In terms of other benefits, the team noted seeing increased savings on the building’s electric bill, which can be used to reinvest in the library’s programming.

“The money saved in electric expenses can help us to better expand the library’s collections, resources, and the programs we offer to our community,” Leininger said.

 

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Photos: New LED lights brighten up library spaces.

On the topic of energy efficiency, quite a lot of buzz has come from talk of LED upgrades for most modern light fixtures, from public spaces like our library, to restaurants, to places of worship, to our very own homes.

Thomas Flynn, Assistant Librarian at Marshall-Lyon County Library

Inspiring others to conserve

When visible, local public spaces like libraries invest in energy efficiency, there can be a ripple effect among other energy users in the broader community.

“On the topic of energy efficiency, quite a lot of buzz has come from talk of LED upgrades for most modern light fixtures, from public spaces like our library, to restaurants, to places of worship, to our very own homes,” wrote Thomas Flynn, assistant librarian at Marshall-Lyon County Library, in a story about the library’s lighting project.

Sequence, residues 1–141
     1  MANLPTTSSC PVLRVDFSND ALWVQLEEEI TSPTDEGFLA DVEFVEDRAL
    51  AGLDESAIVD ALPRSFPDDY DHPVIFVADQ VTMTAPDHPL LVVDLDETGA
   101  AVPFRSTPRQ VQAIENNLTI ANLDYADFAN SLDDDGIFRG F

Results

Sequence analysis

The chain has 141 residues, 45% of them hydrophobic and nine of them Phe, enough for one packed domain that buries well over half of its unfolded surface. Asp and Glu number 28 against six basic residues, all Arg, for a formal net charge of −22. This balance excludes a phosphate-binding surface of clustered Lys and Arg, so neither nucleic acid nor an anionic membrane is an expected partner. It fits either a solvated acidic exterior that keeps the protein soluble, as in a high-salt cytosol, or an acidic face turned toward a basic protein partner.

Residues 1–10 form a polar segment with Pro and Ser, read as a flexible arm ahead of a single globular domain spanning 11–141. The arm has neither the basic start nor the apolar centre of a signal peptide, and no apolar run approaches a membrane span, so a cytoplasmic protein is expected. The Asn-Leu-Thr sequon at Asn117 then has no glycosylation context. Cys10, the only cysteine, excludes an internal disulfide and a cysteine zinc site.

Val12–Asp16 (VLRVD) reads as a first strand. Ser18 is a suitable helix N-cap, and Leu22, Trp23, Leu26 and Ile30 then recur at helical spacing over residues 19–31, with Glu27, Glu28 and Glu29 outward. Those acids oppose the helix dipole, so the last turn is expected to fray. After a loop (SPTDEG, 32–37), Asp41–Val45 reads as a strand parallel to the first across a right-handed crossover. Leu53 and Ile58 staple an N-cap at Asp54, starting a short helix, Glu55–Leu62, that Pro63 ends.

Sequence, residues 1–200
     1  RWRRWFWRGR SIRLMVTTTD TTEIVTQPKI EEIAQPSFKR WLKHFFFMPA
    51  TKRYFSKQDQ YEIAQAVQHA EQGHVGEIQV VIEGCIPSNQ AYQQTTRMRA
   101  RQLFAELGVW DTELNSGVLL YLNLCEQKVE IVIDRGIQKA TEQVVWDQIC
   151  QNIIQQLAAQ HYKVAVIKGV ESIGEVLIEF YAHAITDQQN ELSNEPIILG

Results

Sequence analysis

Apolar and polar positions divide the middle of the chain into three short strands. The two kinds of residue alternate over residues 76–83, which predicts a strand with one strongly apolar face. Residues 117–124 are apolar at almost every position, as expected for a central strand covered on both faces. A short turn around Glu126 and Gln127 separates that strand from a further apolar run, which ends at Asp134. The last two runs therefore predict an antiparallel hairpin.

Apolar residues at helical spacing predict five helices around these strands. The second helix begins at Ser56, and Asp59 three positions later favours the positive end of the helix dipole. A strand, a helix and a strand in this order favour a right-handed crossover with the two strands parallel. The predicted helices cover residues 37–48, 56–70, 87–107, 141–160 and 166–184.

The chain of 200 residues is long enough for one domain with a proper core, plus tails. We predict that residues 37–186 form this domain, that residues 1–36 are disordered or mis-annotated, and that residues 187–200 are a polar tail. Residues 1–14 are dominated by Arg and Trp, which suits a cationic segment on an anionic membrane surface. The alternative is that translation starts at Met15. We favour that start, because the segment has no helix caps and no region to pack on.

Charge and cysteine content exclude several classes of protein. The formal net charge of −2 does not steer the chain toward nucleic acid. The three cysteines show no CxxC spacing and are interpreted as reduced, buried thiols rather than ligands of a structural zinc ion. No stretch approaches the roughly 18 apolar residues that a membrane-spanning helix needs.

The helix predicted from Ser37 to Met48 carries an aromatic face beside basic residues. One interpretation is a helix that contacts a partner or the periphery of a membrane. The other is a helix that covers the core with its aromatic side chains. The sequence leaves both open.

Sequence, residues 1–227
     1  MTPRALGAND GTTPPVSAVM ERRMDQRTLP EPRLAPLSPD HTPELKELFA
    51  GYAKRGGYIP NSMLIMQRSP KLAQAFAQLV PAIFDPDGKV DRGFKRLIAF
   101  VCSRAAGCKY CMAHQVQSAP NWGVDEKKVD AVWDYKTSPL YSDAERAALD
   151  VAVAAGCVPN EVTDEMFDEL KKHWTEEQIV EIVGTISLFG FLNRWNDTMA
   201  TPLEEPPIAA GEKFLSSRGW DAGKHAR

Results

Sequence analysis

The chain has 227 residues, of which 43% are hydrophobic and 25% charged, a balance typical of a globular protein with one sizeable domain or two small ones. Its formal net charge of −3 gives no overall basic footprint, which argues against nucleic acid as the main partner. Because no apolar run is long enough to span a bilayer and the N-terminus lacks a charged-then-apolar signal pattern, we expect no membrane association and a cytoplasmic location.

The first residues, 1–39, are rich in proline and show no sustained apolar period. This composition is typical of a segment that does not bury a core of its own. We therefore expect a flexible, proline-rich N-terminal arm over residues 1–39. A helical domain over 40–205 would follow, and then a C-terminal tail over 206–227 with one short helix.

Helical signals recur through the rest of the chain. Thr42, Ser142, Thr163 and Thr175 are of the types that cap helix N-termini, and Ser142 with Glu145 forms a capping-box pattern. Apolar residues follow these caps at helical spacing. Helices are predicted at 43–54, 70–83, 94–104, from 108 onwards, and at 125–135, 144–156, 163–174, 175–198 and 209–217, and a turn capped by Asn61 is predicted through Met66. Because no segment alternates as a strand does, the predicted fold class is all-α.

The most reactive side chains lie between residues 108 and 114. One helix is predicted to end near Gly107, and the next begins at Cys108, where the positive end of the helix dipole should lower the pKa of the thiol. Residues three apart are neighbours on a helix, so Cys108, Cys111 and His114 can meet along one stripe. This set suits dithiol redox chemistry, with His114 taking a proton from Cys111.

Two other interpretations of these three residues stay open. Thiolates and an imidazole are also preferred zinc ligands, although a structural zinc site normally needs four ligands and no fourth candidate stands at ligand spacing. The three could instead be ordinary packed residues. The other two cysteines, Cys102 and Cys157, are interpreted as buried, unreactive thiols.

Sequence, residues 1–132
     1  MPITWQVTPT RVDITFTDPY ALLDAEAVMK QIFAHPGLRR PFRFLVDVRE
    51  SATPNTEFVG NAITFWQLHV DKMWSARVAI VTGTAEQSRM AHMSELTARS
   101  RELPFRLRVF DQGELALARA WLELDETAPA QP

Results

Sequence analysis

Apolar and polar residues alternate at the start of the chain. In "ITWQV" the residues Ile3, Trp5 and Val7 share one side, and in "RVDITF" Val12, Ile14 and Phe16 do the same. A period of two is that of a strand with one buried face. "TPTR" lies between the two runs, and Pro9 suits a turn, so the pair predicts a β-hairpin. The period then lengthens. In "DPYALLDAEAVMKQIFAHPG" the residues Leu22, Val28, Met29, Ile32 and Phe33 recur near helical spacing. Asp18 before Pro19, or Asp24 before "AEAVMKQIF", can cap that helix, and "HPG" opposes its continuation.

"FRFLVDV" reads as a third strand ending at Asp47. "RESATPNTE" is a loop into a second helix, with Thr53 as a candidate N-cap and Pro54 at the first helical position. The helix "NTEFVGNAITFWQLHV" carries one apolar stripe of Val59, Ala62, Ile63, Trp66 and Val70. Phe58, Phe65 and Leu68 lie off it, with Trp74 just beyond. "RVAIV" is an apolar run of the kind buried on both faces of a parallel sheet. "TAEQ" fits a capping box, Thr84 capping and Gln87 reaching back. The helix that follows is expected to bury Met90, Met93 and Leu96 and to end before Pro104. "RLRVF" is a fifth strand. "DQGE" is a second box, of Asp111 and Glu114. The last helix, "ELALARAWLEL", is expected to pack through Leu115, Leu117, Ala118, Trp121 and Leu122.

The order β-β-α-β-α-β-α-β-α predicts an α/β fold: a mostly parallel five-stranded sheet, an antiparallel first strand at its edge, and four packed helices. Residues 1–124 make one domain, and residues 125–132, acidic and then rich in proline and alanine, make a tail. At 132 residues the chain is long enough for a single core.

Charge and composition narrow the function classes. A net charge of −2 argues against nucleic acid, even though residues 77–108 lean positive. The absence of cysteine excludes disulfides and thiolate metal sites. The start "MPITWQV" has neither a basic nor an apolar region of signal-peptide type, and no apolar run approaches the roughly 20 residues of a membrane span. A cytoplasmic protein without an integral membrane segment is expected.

Flynn hopes that this project inspires residents to explore and consider how to make energy efficiency improvements in their homes, as well.

“LED upgrades aren’t only helpful in decreasing energy costs in public spaces – they’re upgrades you can make in your own home,” he added. The library offers a “Power Check Meter” device available for checkout by patrons interested in learning more about electricity consumption by appliances and devices in their homes.

To spread the word about the upgrades and value of energy efficiency, the library released an article about the project on their website and issued a press release to the local papers and radio station.

Today, with its lighting retrofit project complete and hope on the horizon as pandemic restrictions begin to roll back, the library’s team is looking ahead to more ways to share the project’s success.

The library plans to provide future presentations and educational materials to patrons on the topic and raise awareness about energy conservation and the benefits of energy efficiency when they return to normal in-person programming and operations in the future. They are also encouraging other community groups and local organizations to apply for CERT Seed Grant support.

“The project was straightforward and the process simple, so it worked very well,” said Anderson. “We have encouraged others to review the grant and consider applying because it is such a simple process.”

Project Snapshot

 
  • Clean Energy Focus: Lighting Upgrade
  • Southwest CERT Seed Grant: $2,500
  • Total Project Cost: $6,275
  • Other Funds: Library budget
  • Project Team: LuAnn Anderson, Michele A. Leininger, and Paula Nemes with Marshall-Lyon County Library and Mike Meier with Meier Electric
  • People Involved and Reached: 100
  • Annual Energy Savings: 10,861 kWh